You might presume that an alcoholic is a person who is mostly drinking, has no hope of earning a good life and is a total failure, but this is a common misconception. That’s not the case with a functioning alcoholic.
But what is a functioning alcoholic?
A functioning alcoholic is someone who abuses alcohol but is still successful in maintaining their life, family, and career. The National Council on Alcohol and Drug Dependence (NCADD) concluded that 20% of the alcohol addicts in the U.S. are functioning alcoholics.
A functional alcoholic is a tricky and intelligent person who has a stable life, family, successful career and yet drinks like there’s not tomorrow.
In research by the National Council on Alcohol and Drug Dependence (NCADD) concluded that 14 million adult citizens of United states– one out of every 13 – have an Alcohol Abuse Disorder. The surprising fact is that, out of these alcoholics, a whopping 20% are the functioning type.
You might want to ask yourself, “Am I a functioning alcoholic?”
The first answer that comes to your mind is NO.
Well, the majority of functional alcoholics have a firm belief that they are not alcoholics as they are in denial. These individuals come out of denial on facing a situation that usually is heartbreaking.
They think having a stable and prosperous life is a clear indication that they are not alcoholics. However, that may not be the case.
These individuals drink a lot as soon as they finish work. Functioning alcoholics are invisible in a matter of fact as they have developed resistance to alcohol and usually show no sign of being drunk, which makes it much harder to spot an alcoholic in this case. They are intelligent, well-educated and hardworking and this is one of the reasons for not showing the signs of being drunk.
You’re a functioning alcoholic if you have the following signs:
• Alcohol is the first thing on your mind after work.
• You end up drinking more than one glass of alcohol.
• You experience blackouts.
• You feel shaky in the morning.
• You hide your alcohol.
• You have hangovers.
How to Find Out if You’re a Functioning Alcoholic
There are several functional alcoholic signs that can tell you if you’re one or not:
- First of all, ask yourself what is the first thing that comes to your mind after finishing work or reaching home? If your answer is consuming alcohol; you might want to consider the odds.
- Do you sit down to have just one glass and end up in consuming far more than one?
- Do you have blackouts? It means you forget what you said and did.
- Do you feel shakiness in the morning?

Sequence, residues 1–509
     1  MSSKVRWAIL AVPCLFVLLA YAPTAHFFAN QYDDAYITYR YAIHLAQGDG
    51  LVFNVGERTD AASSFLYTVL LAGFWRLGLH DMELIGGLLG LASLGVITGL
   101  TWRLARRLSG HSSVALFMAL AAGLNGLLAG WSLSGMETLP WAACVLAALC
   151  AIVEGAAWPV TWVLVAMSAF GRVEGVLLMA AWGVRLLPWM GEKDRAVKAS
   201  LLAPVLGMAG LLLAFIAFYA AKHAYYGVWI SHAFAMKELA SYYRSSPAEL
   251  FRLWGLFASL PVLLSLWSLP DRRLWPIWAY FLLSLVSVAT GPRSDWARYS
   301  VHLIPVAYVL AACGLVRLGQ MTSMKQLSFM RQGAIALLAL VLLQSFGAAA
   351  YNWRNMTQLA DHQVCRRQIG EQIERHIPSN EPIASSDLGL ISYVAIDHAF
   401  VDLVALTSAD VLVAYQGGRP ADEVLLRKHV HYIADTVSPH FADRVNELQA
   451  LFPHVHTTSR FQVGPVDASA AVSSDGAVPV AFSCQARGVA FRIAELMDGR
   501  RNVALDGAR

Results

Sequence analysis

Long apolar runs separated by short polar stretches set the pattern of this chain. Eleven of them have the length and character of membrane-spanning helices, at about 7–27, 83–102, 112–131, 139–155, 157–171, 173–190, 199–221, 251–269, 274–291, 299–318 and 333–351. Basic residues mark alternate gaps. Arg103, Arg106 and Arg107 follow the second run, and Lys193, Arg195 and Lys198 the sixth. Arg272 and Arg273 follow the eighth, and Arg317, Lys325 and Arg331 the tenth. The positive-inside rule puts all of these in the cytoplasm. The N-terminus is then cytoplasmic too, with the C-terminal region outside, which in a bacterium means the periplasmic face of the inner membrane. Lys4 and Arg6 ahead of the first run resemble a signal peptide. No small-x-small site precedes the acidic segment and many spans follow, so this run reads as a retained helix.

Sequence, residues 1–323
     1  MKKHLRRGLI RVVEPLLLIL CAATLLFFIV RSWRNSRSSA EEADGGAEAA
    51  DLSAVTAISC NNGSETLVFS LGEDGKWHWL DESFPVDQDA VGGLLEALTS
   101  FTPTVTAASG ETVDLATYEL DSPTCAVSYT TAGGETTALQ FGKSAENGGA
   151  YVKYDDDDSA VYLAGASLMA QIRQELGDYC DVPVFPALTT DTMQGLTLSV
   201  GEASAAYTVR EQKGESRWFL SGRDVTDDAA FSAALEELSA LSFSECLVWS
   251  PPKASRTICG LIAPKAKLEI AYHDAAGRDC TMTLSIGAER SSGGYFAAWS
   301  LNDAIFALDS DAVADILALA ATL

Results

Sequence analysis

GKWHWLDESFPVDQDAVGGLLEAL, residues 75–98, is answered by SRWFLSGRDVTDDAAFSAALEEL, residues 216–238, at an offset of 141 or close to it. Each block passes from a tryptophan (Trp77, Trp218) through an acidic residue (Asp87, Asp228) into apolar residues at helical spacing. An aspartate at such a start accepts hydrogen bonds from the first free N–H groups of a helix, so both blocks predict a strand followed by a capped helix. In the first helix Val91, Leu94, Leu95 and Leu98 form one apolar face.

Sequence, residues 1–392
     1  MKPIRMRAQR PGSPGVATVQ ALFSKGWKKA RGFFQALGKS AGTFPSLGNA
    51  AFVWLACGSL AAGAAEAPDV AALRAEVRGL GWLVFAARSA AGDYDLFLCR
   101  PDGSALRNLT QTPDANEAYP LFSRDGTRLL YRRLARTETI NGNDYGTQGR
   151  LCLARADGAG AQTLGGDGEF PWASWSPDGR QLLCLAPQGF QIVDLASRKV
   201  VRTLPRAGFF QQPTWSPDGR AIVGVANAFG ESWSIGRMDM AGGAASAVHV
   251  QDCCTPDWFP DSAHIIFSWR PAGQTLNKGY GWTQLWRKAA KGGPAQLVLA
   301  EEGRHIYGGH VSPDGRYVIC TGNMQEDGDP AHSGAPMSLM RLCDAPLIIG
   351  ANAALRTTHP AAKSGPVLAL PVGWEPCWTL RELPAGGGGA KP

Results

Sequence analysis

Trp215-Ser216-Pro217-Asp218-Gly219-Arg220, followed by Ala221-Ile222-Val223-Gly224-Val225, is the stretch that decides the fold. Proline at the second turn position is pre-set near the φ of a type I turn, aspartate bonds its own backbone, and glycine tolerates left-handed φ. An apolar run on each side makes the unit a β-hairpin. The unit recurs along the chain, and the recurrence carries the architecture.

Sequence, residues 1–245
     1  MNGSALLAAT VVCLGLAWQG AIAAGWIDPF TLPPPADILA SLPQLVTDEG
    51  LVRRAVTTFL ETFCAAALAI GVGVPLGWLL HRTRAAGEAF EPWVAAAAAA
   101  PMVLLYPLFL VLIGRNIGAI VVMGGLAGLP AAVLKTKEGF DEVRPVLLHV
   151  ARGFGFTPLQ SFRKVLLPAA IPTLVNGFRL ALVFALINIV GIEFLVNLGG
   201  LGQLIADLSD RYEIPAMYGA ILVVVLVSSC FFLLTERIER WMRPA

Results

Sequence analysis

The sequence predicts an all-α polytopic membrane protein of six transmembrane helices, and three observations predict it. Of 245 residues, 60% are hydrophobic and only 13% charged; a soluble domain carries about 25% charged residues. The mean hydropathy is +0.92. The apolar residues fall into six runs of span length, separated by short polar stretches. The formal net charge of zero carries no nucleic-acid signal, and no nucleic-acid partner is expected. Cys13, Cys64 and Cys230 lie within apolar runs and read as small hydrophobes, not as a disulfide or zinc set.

- Do you hide your alcohol?
- Do you experience hangover?
If your reply to the above questions is yes, then I would advise you to consult a doctor as soon as possible. Do you know that being a functional alcoholic doesn’t only put you at risk of harming yourself but your family and loved ones as well?
These individuals usually start increasing their intake of alcohol due to the presence of some stress, a relationship problem or losing a cherished one. Later on, this can become a habit of beer abuse or any other alcohol dependence, and then changes to a medical condition that puts them in a denial stage.
In 2013, NY Times published a story: A ‘Perfect Mother,’ a Vodka Bottle and 8 Lives Lost about a 39-year old mother named Diane Shuler, who died in an accident as she was under the influence of alcohol. She was a high functioning alcoholic.
In this sad incident, her son and three nieces also died. The story shows how functioning alcoholics can not only risk their life, but also the lives of others around them.
Can I control my condition of functioning alcoholism?
This might come as a blow, but the answer is NO!
Most of the individuals who try to stop or reduce the intake of alcohol end up either drinking more as they get depressed and sometimes end up causing unbearable damage to someone life. Take the example of Diane; had she lived, she would never have forgotten the sad outcome of the accident that she caused.
With the passage of time, the body tolerance to alcohol increases and the consumer drinking more and more due to increased stress caused by career growth (enhanced responsibilities). There comes a time when performance and health damages begin to deteriorate. Profound alcohol dependence is visible at this stage.
Living With A Functioning Alcoholic
Wondering how it would be to live with an alcoholic? Usually, families of such people are not satisfied with them. A functioning alcoholic can be an aggressive person who rarely gives time to others. Living with an alcoholic husband often results in either a broken marriage or relationships. The individual usually suffers from depression, social phobia, anxiety, and eating disorders. They may seem sociable while at work but will prefer to drink alone at the bar or home drinking.